Magna Carta 2.0: Good For Freedom, Good For Growth

REUTERS/Yves Herman.

Larry Kudlow Senior Contributor, CNBC
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The original Magna Carta was a charter agreed to by King John of England in 1215. It just celebrated its 801st anniversary. So no, I wasn’t there. But that charter has become part of an important, iconic, political myth that the deal between an unpopular king and rebellious barons marked the beginning of individual English freedoms, personal liberties, and due-process protection of individuals under the law. Magna Carta has also been cited as providing the essential foundation for the contemporary powers of Parliament and legal principles such as habeas corpus.

That’s the mythology, and it’s an important one.

So while I understand that describing the Brexit victory as Magna Carta 2.0 is inexact, I think it makes a key point: Britain will regain its political freedom, its autonomous self-government, and its independence from an EU that is spinning out of control under the power of establishment elites, unelected and unaccountable socialist bureaucrats, and a judicial court that is increasingly making legal decisions that replace Britain’s powerful common law.

The EU’s tax and regulatory policies, climate-change and welfare spending, and free immigration even in wartime are gradually ruining Europe. That’s why I believe Brexit is good for British freedom, political autonomy, and the survival of democratic capitalism.

The business elites told British voters that leaving the EU would lead to economic catastrophe. Well, in England, Main Street defeated the establishment elites by sending a populist message.

And there need be no economic catastrophe. The EU needs Britain more than Britain needs the EU. The London Stock Exchange is one of the most powerful financial centers in the world. Frankfurt will never replace it.

Trade is the key to the economic outlook in Britain and the EU. Many corporate chieftains joined large bank CEOs and the fearmongering IMF to suggest that the EU will deal harshly with Britain if it leaves and stop all trade. That’s mutually assured destruction — MAD. A tariff-driven trade war would destroy both power centers.

Not only does the EU need Britain’s financial capabilities, Britain itself is major importer of EU goods and services. If sanity prevails, there’s no reason why the EU and Britain can’t hammer out a free-trade agreement in the two years allotted by the Lisbon Treaty.

And if the EU wants to go with MAD, the whole set up will burn in flames.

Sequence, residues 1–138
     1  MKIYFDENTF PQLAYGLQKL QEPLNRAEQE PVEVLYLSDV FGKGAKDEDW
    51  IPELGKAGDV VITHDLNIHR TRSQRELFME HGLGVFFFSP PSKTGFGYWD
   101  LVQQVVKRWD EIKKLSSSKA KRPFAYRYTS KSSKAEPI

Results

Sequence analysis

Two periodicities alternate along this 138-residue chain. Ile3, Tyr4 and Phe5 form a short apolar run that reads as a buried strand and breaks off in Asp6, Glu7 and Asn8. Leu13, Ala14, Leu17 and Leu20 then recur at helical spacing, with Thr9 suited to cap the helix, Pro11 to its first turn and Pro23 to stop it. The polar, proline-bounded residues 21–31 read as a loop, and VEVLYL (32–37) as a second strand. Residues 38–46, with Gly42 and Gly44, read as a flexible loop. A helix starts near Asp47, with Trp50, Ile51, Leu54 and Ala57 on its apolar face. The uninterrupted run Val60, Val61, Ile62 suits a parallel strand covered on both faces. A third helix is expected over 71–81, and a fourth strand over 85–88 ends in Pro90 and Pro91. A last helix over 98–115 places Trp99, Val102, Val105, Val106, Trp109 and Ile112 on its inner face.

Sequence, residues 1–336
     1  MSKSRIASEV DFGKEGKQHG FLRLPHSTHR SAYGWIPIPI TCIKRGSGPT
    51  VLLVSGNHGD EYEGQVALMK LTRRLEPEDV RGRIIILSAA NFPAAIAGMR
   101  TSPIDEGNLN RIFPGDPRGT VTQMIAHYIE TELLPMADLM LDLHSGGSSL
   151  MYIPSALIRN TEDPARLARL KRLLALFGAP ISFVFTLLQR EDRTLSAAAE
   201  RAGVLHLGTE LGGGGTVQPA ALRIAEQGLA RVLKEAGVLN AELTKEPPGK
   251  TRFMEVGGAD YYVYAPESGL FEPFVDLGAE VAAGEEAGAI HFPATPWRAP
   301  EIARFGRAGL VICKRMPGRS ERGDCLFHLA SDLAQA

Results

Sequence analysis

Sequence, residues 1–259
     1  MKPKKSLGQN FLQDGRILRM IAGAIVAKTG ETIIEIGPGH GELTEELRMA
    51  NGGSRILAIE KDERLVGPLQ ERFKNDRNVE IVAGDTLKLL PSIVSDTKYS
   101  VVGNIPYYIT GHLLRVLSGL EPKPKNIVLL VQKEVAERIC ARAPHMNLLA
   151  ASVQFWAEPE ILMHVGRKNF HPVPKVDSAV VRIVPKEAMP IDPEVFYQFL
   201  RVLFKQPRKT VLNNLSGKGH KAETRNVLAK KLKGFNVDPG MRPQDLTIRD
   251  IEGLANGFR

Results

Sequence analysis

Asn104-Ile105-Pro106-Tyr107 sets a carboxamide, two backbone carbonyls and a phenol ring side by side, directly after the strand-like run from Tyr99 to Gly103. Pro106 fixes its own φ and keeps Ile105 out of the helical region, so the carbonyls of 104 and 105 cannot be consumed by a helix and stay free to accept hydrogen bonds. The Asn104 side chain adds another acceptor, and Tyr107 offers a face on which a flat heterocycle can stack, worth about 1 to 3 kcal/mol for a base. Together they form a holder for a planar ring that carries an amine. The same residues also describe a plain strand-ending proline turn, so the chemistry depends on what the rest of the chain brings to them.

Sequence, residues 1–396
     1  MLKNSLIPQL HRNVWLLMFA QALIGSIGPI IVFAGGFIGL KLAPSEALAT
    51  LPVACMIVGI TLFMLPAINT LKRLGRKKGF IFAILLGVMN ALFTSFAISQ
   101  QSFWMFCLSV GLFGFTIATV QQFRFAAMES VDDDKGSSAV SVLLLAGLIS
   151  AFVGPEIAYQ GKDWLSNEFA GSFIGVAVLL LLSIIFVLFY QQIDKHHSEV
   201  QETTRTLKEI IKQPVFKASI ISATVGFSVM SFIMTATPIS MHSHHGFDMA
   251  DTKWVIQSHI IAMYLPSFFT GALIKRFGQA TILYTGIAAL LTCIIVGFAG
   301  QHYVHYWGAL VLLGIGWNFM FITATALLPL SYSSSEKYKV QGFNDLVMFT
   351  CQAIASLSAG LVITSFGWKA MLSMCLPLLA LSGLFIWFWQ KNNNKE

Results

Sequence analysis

Yes, there’s a lot of disagreement about the economic consequences of Brexit. But remember that Britain is still a member of the IMF, the World Bank, G-7, G-20, the WTO, NATO, and so on.

Veteran Wall Street economist Robert Sinche wrote a note to clients in the early evening of the vote that there was a high probability that Brexit would win. He wrote: “most analysts have overestimated the negative impact of a leave vote as the UK has been a marginal member of the EU on/off for many decades.” Brave chap. But I agree.

And we should also remember that the Bank of England — a better operation than the European Central Bank — will still be in business, as will the British pound sterling.

My advice to investors is to ride out the short-term market volatility, which may last several months, and look instead at the long-term positives of political and economic freedom.

It will now be up to Boris Johnson, the likely new British prime minster, and the Tory party, perhaps with bipartisan help, to negotiate a good trade deal and move more aggressively on the pro-growth path of free-market supply-side policies.

There’s already talk about abolishing the 5 percent VAT on household energy. Good. Taxes need to be reduced across-the-board, heavy regulations need to be rolled back, and government spending needs to be restrained.

This is Britain’s opportunity. It’s kind of a Thatcher moment.

If you look under the hood of the populist revolt in Britain, and the budding revolts in larger Europe and America, the anger is in good part rooted in the lack of economic, job, and wage growth. Worldwide, growth has been missing. All the major countries have been operating under big-government spending, heavy regulations, and the insane central-bank policies of QE and zero (now negative) interest rates. It hasn’t worked. Middle-income wage earners have had enough.

Plus, wartime immigration policies have been too easy. And the major countries, including America, have not destroyed ISIS. So this popular revolt is also aimed at national-security failures.

The American election in November may parallel the British story. Barack Obama, who insulted British voters by campaigning in London against Brexit, is a huge loser. Hillary will suffer from this. Donald Trump will benefit.

So I’ll end where I began: Brexit is good for freedom, growth, and Britain. Ride out short-term financial and economic volatility. And watch for a full populist revolt in America this fall.